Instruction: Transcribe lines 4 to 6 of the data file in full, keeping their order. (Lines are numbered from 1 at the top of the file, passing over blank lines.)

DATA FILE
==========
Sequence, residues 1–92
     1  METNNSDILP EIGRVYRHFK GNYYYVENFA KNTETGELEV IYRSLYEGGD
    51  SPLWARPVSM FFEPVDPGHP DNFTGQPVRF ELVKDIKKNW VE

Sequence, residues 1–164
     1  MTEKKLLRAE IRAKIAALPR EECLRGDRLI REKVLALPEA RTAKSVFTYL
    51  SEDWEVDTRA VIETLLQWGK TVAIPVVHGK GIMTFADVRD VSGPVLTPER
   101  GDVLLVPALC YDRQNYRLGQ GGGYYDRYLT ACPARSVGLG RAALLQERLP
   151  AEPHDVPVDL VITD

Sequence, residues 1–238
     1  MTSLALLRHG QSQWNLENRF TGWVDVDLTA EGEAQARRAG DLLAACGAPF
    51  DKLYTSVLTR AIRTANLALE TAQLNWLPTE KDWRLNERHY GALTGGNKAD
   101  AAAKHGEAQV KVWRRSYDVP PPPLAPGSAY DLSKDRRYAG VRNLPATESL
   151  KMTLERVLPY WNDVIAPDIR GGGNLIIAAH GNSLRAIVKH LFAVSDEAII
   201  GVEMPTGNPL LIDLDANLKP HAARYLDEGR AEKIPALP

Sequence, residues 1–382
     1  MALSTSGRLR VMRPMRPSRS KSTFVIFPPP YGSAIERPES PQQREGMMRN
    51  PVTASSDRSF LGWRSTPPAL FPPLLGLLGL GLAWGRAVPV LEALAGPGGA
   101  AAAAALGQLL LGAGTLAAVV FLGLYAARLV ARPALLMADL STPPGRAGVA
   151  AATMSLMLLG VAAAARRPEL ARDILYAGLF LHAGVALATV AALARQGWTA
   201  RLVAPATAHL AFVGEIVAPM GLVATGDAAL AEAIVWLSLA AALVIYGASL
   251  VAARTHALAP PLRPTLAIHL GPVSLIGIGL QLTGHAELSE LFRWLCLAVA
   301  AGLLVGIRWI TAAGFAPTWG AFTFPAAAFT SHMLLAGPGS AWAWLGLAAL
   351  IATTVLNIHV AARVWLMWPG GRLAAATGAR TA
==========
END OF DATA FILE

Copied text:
Sequence, residues 1–164
     1  MTEKKLLRAE IRAKIAALPR EECLRGDRLI REKVLALPEA RTAKSVFTYL
    51  SEDWEVDTRA VIETLLQWGK TVAIPVVHGK GIMTFADVRD VSGPVLTPER